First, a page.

Step 4: Create the Temporary Tuning Rules

The temporary tuning rules are explicitly designed to help you monitor the initial best practice rulebase for gaps and alert you to alarming behavior. For example, you will create temporary rules to identify traffic that is coming from unknown user or applications running on unexpected ports. By monitoring the traffic matching on the temporary rules you can also gain a full understanding of all of the applications in use on your network (and prevent applications from breaking while you transition to a best practice rulebase). You can use this information to help you fine tune your whitelist, either by adding new whitelist rules to allow applications you weren’t aware were needed or to narrow your whitelist rules to remove application filters and instead allow only specific applications in a particular category. When traffic is no longer hitting these rules you can Remove the Temporary Rules.
Some of the temporary tuning rules must go above the rules to block bad applications and some must go after to ensure that targeted traffic hits the appropriate rule, while still ensuring that bad traffic is not allowed onto your network.
  1. Allow web-browsing and SSL on non-standard ports for known users to determine if there are any legitimate applications running on non-standard ports.
    Why do I need this rule?
    Rule Highlights
    • This rule helps you determine if you have any gaps in your policy where users are unable to access legitimate applications because they are running on non-standard ports.
    • You must monitor all traffic that matches this rule. For any traffic that is legitimate, you should tune the appropriate allow rule to include the application, and creating a custom application where appropriate.
    • Unlike the whitelist rules that allow applications on the default port only, this rule allows web-browsing and SSL traffic on any port so that you can find gaps in your whitelist.
    • Because this rule is intended to find gaps in policy, limit it to known users on your network. See Create User Groups for Access to Whitelist Applications.
    • Make sure you also explicitly allow SSL as an application here if you want to allow users to be able to browse to HTTPS sites that aren’t decrypted (such as financial services and healthcare sites).
    • You must add this rule above the application block rules or no traffic will hit this rule.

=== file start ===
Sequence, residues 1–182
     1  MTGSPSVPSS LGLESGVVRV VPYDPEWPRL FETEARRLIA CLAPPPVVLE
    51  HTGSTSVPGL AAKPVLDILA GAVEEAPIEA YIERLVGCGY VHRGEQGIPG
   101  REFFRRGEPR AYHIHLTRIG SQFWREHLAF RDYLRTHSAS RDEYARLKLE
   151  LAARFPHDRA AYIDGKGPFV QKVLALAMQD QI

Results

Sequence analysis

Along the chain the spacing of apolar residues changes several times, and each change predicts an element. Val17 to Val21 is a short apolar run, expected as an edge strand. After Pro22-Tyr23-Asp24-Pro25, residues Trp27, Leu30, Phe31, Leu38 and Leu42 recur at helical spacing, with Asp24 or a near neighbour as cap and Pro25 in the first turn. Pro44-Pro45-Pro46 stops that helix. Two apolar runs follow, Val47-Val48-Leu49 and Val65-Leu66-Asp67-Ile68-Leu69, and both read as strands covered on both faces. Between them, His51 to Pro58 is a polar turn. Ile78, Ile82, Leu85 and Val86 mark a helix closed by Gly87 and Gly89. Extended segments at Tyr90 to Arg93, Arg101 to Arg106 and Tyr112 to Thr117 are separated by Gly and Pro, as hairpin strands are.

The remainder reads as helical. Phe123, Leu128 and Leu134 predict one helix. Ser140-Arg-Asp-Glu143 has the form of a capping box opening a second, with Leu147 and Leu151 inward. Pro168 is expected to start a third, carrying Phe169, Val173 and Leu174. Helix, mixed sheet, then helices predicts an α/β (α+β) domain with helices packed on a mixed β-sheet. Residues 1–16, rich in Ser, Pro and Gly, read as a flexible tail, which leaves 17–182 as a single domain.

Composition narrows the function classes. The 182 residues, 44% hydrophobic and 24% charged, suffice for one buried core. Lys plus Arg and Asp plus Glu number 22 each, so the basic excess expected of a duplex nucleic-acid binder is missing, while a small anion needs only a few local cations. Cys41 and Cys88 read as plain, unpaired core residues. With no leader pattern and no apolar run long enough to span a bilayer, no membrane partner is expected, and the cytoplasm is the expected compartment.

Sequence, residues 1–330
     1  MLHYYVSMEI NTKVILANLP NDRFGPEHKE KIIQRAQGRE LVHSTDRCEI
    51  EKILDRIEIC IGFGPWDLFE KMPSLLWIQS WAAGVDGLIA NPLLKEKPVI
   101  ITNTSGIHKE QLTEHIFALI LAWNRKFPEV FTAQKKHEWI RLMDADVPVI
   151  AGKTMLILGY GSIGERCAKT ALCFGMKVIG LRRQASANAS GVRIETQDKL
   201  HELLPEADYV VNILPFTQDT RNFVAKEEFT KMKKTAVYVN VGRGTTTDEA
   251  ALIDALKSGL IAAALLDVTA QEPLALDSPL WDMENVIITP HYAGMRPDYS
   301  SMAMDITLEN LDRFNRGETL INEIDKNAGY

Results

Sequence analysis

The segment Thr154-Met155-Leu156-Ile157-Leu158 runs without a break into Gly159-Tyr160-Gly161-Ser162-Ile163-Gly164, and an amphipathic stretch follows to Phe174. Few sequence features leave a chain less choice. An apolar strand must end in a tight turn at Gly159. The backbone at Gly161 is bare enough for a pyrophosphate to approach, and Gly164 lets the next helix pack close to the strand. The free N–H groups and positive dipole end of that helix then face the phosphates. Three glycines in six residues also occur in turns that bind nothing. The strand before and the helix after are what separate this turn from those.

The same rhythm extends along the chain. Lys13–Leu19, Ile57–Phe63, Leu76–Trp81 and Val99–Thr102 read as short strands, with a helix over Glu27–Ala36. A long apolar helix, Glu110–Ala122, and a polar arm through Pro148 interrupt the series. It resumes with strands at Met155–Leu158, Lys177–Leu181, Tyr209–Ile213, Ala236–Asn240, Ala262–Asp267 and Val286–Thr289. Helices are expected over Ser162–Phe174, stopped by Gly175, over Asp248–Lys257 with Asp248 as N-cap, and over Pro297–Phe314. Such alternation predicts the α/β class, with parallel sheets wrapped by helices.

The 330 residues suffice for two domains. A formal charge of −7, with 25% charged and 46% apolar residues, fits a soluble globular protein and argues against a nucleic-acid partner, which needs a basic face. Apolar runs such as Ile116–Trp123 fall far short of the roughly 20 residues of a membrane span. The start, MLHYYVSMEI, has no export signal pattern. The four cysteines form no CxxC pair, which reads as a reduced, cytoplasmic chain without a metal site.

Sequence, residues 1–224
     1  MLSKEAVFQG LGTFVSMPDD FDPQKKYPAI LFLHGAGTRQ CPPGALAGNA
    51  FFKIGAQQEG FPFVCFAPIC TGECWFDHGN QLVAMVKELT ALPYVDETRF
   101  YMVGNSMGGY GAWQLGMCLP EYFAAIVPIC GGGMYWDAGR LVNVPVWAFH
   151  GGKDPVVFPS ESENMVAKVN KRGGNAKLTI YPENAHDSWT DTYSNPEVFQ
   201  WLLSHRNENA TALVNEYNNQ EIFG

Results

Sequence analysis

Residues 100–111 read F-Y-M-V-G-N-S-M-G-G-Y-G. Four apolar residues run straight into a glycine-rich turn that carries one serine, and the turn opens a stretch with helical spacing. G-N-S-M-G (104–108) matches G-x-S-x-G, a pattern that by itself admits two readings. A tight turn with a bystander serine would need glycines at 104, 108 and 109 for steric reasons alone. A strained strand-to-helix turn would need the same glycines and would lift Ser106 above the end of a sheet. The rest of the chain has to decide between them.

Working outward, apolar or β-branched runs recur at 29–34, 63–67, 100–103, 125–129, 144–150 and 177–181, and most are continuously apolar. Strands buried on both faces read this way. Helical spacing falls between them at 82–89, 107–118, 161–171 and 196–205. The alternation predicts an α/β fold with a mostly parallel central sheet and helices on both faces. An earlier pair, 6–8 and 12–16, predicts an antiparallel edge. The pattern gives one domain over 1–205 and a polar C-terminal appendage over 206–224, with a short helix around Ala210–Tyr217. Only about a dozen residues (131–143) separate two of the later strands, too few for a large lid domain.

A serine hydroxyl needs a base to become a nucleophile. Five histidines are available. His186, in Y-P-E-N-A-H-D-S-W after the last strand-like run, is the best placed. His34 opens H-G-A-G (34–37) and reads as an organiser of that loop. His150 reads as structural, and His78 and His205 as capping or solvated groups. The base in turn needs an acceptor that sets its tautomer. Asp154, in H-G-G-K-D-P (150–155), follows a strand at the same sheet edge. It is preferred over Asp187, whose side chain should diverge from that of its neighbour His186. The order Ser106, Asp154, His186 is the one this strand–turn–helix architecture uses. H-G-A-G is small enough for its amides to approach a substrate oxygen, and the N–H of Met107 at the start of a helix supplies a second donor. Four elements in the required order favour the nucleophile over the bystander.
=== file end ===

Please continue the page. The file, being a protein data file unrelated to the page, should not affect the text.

bp-unexpected-port.png
  2. Allow web-browsing and SSL traffic on non-standard ports from unknown users to highlight all unknown users regardless of port.
    Why do I need this rule?
    Rule Highlights
    • This rule helps you determine whether you have gaps in your User-ID coverage.
    • This rule also helps you identify compromised or embedded devices that are trying to reach the internet.
    • It is important to block non-standard port usage, even for web-browsing traffic, because it is usually an evasion technique.
    • While the majority of the application whitelist rules apply to known users or specific user groups, this rule explicitly matches traffic from
      unknown
      users.
    • This rule must go above the application block rules or traffic will never hit it.
    • Because it is an allow rule, you must attach the best practice security profiles to scan for threats.
    bp-unknown-user.png
  3. Allow all applications on the application-default port to identify unexpected applications.
    Why do I need this rule?
    Rule Highlights
    • This rule provides visibility into applications that you weren’t aware were running on your network so that you can fine-tune your application whitelist.
    • Monitor all traffic matching this rule to determine whether it represents a potential threat, or whether you need to modify your whitelist rules to allow the traffic.
    • Because this rule allows all applications, you must add it after the application block rules to prevent bad applications from running on your network.
    • If you are running PAN-OS 7.0.x or earlier, to appropriately identify unexpected applications, you must create an application filterthat includes all applications, instead of setting the rule to allow
      any
      application.
    bp-unexpected-traffic.png
  4. Allow any application on any port to identify applications running where they shouldn’t be.
    Why do I need this rule?
    Rule Highlights
    • This rule helps you identify legitimate, known applications running on unknown ports.
    • This rule also helps you identify unknown applications for which you need to create a custom application to add to your application whitelist.
    • Any traffic matching this rule is actionable and requires that you track down the source of the traffic and ensure that you are not allowing any unknown tcp, udp or non-syn-tcp traffic.
    • Because this is a very general rule that allows any application from any user on any port, it must come at the end of your rulebase.
    • Enable logging for traffic matching this rule so that you can investigate for misuse of applications and potential threats on your network or identify legitimate applications that require a custom application.
    bp-unexpected-port-usage.png

Related Documentation